If all mankind minus one, were of one opinion, and one, and only one person were of the contrary opinion, mankind would be no more justified in silencing that one person, than he, if he had the power, would be justified in silencing mankind.
John Stuart Mill
Freedom of the press appears to be under siege in what used to be thought of as free nations.
The BBC’s Nick Robinson said Labour and the Liberal Democrats appeared to have accepted a watered-down version of their demands for full legal underpinning of a royal charter establishing a new watchdog.
Ms Miller said: “We’re very close to a deal. What has been accepted by all the main parties is that the prime minister’s royal charter should go ahead, and more importantly we’ve stopped Labour’s extreme version of the press law.”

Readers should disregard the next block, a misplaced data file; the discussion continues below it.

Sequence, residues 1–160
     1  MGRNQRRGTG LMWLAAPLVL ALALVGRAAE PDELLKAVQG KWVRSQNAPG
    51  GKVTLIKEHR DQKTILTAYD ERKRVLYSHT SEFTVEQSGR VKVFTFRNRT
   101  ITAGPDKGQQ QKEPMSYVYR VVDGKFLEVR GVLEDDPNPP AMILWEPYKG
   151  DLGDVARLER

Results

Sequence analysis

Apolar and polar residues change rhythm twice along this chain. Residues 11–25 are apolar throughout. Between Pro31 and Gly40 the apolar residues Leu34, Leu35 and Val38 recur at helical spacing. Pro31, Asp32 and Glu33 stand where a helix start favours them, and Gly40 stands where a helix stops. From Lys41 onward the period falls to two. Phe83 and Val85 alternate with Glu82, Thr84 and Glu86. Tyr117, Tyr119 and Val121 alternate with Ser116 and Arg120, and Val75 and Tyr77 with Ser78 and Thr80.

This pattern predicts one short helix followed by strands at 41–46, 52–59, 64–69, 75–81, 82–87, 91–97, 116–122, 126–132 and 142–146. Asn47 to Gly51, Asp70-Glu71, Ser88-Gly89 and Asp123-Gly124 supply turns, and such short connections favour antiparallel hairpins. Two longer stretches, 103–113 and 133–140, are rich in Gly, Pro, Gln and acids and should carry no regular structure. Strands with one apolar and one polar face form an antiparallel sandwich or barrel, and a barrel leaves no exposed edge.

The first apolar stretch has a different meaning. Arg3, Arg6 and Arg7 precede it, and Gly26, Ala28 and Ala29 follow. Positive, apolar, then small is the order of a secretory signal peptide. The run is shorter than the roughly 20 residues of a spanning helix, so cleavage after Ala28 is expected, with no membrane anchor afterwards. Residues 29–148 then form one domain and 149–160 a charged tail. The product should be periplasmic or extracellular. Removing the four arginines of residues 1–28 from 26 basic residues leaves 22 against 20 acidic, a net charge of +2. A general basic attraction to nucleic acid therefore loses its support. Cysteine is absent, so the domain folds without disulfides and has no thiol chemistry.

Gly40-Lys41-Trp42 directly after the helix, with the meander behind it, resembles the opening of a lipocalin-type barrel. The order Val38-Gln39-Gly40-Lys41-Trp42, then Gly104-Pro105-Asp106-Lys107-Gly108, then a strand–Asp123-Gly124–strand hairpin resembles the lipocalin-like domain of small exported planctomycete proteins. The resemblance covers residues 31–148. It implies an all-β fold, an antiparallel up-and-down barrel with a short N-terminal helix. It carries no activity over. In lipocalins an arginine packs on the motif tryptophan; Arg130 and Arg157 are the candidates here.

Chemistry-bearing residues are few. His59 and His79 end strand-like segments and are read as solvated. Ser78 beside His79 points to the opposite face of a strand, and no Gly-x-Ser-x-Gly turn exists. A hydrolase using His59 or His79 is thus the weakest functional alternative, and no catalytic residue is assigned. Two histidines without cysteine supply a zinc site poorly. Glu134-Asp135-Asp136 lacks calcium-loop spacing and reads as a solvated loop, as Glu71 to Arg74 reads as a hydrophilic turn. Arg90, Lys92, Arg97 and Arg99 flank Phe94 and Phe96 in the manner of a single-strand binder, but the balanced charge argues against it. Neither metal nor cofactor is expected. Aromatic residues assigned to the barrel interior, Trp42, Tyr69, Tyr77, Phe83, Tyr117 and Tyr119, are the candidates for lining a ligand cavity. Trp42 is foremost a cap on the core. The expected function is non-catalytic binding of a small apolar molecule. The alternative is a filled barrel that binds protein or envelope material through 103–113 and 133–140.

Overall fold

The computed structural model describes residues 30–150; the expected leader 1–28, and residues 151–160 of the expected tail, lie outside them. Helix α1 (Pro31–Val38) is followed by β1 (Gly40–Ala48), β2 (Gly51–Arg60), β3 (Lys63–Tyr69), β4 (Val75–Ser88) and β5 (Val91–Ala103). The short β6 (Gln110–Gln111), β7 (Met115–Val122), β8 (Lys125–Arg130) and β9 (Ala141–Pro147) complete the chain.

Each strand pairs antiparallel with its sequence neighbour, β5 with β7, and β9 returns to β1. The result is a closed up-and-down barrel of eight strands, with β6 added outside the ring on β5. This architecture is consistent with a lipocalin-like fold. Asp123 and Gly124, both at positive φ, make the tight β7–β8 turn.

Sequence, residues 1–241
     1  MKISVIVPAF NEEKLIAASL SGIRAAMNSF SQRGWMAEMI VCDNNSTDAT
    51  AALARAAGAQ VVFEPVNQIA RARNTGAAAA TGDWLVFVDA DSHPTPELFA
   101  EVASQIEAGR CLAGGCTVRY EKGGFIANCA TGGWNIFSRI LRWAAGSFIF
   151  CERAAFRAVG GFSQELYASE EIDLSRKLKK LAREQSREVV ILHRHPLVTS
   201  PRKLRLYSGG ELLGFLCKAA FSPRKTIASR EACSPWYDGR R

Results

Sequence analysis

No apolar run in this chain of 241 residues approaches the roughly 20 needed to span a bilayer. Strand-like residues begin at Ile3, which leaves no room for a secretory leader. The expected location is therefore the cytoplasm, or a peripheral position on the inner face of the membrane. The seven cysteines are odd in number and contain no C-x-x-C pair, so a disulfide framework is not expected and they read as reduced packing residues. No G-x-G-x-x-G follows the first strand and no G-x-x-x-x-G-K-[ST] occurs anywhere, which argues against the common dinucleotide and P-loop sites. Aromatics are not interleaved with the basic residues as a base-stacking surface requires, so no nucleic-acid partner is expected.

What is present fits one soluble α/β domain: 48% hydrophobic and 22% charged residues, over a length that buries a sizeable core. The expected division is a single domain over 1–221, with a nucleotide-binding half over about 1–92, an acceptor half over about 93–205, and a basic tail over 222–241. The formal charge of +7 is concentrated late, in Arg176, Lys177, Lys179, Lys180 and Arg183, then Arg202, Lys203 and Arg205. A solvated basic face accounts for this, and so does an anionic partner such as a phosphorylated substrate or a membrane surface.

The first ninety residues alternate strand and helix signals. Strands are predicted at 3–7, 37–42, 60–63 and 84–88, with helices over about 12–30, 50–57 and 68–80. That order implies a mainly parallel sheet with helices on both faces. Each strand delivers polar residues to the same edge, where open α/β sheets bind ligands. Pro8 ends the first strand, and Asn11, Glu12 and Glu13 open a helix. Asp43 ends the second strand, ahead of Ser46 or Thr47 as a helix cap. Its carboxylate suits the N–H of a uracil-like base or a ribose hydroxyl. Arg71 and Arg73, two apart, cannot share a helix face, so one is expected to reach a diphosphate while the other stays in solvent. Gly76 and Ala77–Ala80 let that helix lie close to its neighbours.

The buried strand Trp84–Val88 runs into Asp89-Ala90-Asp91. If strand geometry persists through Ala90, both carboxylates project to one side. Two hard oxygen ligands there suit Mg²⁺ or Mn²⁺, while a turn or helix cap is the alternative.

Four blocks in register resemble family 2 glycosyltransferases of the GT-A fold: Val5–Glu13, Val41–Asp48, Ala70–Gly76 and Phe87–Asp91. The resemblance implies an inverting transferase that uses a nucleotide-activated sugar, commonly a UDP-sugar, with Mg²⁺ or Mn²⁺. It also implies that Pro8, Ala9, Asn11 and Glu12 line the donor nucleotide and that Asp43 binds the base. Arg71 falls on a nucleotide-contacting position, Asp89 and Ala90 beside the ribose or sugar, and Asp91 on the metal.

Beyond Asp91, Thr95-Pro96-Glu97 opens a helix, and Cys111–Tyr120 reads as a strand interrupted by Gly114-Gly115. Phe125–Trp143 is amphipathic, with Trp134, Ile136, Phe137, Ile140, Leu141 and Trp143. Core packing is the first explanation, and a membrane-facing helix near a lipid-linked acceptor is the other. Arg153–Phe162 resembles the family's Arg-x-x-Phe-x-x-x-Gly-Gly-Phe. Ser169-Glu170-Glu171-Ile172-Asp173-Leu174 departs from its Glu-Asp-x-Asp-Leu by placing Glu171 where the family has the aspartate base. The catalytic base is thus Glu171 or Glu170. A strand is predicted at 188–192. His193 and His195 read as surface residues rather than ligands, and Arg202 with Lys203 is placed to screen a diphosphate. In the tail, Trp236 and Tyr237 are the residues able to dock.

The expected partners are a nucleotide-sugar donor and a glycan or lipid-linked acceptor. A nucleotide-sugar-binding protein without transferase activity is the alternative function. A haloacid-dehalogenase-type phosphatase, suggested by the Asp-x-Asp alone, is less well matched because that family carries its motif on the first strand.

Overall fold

Go here to BBC News to read the appalling rest. Politicians tend to hate the media covering them and that is to be expected. Few of us like to be criticized, and politicians tend to have bigger egos than most. That is precisely however why a media free of any form of government control is so important. The natural tendency is for those wielding political power to seek to co-opt those members of the media friendly to them and to neuter those who are not. That is precisely why the Founding Fathers put into the First Amendment the guarantee of freedom of the press and took from Congress the power to regulate the press, because they understood this natural tendency and wished to erect a barrier against it. Freedom is rarely lost all at once. It is lost over time, by fragments. This attempt to regulate the media is one such fragment of freedom lost.